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"They see everything that's going on in our method," he says. "We're trying to be that layer between data and people. Data is talking a different language than people. People generally can't understand data."

At the other end of the process, Vancouver-based MTT Innovation is looking to improve films once they are actually ready to be shown with better projection capabilities.

The company's Light Engine introduces high-dynamic range technology to projectors. By "steering" light away from the parts of the picture where it's not needed, the engine creates more efficient projectors that also produce brighter images, according to co-founder Anders Ballestad.

This is especially important because televisions are now ahead of theatres in terms in picture quality, especially with the impending move to higher-resolution ultra high-definition.

"It's becoming a sore point for studios and creatives alike," Mr. Ballestad says. "They're afraid that, with better-looking televisions and content being sent straight to the TV through Netflix and so on, the cinema might be in a bit of trouble."

MTT is in talks with several projector makers, he adds. The company also won a best-in-show award at the recent SIGGRAPH conference, an annual computer graphics industry event.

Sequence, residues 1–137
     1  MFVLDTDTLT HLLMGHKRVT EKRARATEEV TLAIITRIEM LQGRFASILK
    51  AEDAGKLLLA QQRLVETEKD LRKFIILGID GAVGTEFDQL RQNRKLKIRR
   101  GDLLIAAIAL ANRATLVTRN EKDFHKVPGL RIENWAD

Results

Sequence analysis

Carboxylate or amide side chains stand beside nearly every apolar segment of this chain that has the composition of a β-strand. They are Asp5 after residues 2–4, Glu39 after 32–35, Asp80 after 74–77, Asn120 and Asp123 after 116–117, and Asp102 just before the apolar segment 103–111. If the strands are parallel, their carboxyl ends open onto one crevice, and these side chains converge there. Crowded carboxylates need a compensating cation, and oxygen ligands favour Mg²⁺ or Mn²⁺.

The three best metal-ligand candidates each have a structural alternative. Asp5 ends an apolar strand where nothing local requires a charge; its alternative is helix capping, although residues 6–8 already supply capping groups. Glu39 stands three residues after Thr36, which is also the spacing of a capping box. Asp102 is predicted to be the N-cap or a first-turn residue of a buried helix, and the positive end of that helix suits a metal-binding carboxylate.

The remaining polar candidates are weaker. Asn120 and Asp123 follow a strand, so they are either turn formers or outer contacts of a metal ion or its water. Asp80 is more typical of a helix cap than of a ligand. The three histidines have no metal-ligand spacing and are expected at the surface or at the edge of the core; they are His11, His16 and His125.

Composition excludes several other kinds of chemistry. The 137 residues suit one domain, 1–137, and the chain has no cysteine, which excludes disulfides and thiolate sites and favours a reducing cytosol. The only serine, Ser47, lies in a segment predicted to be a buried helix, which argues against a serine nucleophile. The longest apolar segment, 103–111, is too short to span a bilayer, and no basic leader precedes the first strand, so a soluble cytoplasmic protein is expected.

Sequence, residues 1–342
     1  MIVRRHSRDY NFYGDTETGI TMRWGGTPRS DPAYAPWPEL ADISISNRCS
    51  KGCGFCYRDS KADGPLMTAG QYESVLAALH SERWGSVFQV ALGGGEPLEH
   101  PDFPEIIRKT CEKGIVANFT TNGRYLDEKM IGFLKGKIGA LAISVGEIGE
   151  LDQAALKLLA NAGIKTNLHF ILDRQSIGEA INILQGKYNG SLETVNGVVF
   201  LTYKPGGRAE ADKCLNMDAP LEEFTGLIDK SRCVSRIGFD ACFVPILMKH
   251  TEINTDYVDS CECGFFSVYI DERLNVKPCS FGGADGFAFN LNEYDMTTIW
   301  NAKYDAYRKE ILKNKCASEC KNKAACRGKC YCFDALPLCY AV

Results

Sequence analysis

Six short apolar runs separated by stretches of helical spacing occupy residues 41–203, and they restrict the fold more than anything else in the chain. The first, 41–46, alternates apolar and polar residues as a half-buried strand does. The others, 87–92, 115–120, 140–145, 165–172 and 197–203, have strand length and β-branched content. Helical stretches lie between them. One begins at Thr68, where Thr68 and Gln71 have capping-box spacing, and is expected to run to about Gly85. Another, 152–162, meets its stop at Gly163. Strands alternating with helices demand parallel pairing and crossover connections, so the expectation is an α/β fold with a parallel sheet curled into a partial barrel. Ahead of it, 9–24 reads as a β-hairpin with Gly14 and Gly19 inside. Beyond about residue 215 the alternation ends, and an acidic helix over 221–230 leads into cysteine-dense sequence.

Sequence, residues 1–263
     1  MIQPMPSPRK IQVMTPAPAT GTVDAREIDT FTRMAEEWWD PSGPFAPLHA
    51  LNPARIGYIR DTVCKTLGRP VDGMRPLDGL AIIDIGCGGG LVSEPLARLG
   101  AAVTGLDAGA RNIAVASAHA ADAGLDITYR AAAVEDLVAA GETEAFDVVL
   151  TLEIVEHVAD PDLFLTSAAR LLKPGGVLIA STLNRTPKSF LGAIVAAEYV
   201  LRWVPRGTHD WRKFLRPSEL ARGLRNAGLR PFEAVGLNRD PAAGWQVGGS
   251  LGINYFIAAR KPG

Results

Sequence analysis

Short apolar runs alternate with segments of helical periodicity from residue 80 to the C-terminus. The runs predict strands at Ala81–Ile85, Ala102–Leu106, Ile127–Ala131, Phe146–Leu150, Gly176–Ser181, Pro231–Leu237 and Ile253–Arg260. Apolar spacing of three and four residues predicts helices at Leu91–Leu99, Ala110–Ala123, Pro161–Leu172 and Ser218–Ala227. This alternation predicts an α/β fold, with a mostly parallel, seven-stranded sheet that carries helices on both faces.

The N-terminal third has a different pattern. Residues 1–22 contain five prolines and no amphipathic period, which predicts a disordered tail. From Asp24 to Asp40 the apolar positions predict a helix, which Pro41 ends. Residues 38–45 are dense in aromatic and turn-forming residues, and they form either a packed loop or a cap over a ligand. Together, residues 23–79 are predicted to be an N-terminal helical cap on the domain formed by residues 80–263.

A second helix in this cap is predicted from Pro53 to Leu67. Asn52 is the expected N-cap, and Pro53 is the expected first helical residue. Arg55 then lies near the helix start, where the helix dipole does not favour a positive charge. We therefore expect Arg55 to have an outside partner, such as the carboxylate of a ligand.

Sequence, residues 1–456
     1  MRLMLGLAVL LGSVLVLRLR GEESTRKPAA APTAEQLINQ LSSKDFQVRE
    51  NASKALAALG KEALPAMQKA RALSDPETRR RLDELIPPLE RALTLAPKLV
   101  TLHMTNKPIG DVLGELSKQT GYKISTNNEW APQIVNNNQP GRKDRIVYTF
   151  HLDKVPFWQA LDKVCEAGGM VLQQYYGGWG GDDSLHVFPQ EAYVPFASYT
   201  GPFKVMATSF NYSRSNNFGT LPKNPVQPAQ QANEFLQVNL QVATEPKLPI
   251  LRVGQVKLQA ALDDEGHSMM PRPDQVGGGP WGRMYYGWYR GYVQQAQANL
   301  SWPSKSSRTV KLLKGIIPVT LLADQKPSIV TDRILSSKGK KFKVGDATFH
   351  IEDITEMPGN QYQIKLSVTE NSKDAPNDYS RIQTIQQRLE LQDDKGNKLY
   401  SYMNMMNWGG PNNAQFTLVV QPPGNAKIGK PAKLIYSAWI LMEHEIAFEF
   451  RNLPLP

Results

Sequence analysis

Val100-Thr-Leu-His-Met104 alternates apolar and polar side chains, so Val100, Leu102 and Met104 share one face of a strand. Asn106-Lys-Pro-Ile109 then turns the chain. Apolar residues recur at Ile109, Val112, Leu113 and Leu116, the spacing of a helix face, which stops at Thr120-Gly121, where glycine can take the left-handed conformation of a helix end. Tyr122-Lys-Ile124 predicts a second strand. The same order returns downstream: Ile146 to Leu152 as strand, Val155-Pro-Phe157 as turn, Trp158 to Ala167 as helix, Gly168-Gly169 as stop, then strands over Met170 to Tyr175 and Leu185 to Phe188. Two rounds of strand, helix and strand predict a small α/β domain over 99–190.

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Startups are also finding room to play in between film conception and presentation, with many attempting to make the consumer's movie-going experience more enjoyable.

Toronto-based TimePlay began with a limited pilot of its interactive cinema product in Cineplex theatres in 2011, and has since expanded to 1,000 theatres across Canada, the United States and Europe. The company makes a mobile phone app that allows movie-goers to play on-screen quizzes and games, with prizes often awarded.

The app allows theatres to pull in advertising revenue in a way that is also engaging and rewarding to consumers, says chief executive officer Jon Hussman.

"They're looking for new revenue streams and there's not that many," he says. "They're also needing to stay competitive. There are so many alternatives out there that they need to appeal, especially to their core market."

Theatre chains are aware of the growing competition from other forms of entertainment and are having to become entrepreneurial themselves. Toronto-based Cineplex recently announced a $15-million acquisition of WorldGaming, which will see eSports video-game competitions come to its theatres.

The company is also more open to partnering with startups such as TimePlay and Montreal-based D-Box Technologies, which makes theatre chairs that move in time with on-screen action.

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"I always tell our people, 'You should continue to be paranoid' because there's a lot of disruption taking place," Cineplex CEO Ellis Jacob says. "We have to continue to evolve the experience in order to stay relevant."